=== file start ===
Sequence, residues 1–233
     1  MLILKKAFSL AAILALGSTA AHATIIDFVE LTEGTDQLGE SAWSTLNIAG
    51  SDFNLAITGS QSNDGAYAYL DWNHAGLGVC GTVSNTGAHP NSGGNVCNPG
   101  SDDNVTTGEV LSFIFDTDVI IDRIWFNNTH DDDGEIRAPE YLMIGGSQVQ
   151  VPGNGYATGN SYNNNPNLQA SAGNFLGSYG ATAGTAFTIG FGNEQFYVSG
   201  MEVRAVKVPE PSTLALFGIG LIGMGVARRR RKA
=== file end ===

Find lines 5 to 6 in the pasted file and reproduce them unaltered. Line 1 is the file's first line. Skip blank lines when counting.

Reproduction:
   151  VPGNGYATGN SYNNNPNLQA SAGNFLGSYG ATAGTAFTIG FGNEQFYVSG
   201  MEVRAVKVPE PSTLALFGIG LIGMGVARRR RKA